In 1951 a director and producer from New York arrived with a dream to convert the Atlas into a full-time home for live theater. Leasing the building from K-B Theaters he made plans to launch the Atlas’ second career in early August of 1951 with productions of Jean-Paul Sartre’s and Anton Chekov’s works. But opening night saw the theater turning away disappointed crowds following a last minute cancelation after the building failed inspection for use as a live theater because it lacked a fire curtain for the stage and a sprinkler system. These factors apparently did not pose an obstacle for a moviehouse, and the Atlas was soon back to the familiar thrills of the big screen.
The old projector illuminated the screen for the last time in late summer of 1976. An Aug. 8 advertisement list showings of “Godzilla vs. Megalon” and “Son of the Blob.” Soon after, financially unsustainable, the theater was shuttered. The Atlas sat mostly vacant and unused for decades. In 1985 Advisory Neighborhood Commission 6A discussed a liquor license application for an Atlas Grocery Store at the site. Six years later, in 1991 the ANC heard from a group seeking to open an outpatient drug treatment center serving 150 patients. A Washington Post ANC news round-up from the time recorded that the Commission “voted to support the concept of the proposal but not the location.”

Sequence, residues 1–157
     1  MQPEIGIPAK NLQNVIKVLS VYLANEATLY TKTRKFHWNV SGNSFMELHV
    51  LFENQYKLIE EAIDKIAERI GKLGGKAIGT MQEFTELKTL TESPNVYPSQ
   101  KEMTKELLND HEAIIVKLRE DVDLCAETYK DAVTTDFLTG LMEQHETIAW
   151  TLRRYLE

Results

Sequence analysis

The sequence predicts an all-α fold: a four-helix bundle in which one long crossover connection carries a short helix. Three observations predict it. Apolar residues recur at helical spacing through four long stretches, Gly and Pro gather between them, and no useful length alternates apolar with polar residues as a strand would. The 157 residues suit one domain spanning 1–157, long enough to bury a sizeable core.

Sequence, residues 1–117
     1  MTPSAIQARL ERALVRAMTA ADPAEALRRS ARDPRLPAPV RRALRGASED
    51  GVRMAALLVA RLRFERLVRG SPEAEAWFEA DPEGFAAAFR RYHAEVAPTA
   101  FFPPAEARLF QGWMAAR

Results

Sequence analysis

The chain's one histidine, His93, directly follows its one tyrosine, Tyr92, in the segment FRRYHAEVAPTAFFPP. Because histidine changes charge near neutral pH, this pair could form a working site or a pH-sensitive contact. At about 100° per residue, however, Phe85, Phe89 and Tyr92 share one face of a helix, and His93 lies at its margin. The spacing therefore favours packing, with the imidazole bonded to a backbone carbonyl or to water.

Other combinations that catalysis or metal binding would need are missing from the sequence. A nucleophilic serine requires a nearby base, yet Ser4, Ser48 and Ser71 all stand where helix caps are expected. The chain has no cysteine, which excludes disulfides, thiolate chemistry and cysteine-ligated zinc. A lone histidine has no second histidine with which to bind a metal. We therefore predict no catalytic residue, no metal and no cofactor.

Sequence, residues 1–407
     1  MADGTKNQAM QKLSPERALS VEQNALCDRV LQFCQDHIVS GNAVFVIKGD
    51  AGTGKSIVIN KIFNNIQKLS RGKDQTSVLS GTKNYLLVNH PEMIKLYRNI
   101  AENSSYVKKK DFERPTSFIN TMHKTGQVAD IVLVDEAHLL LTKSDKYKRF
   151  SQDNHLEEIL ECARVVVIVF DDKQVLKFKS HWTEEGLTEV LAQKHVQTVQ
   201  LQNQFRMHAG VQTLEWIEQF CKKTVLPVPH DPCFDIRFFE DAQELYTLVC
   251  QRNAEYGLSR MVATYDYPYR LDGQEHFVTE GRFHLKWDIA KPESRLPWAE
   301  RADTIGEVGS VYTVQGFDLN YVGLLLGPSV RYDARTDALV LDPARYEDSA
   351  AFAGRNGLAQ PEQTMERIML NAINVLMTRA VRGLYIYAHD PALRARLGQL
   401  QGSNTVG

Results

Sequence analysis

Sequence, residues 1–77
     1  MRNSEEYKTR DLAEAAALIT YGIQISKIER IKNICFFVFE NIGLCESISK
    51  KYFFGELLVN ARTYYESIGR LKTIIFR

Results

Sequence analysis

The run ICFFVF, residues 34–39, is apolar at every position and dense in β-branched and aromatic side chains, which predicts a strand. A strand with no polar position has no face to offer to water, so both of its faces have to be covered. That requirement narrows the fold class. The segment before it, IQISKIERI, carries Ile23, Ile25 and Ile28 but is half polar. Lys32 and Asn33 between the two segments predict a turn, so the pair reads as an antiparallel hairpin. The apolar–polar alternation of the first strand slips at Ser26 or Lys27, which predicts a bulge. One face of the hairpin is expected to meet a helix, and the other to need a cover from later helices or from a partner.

In 2000 interest once again intensified in bringing new life to the long-shuttered cinema. Proponents of converting the space to a live performance theater and arts space made their case, as did those who favored installing a roller rink or bowling alley. Ultimately the live theater proposal carried the day, sowing the seed that would eventually grow into the Atlas we know and love today. The completed Atlas Performing Arts Center opened in 2006 with four performance spaces, and attached dance studios that are home to Joy of Motion (https://www.joyofmotion.org). The Atlas offers a variety of arts-related entertainment year-round, and hosts the INTERSECTIONS Festival that takes place each spring.
For more on what’s abuzz on, and around, H Street NE, you can visit my blog athttp://frozentropics.blogspot.com/http://frozentropics.blogspot.com. You can send me tips or questions at firstname.lastname@example.org.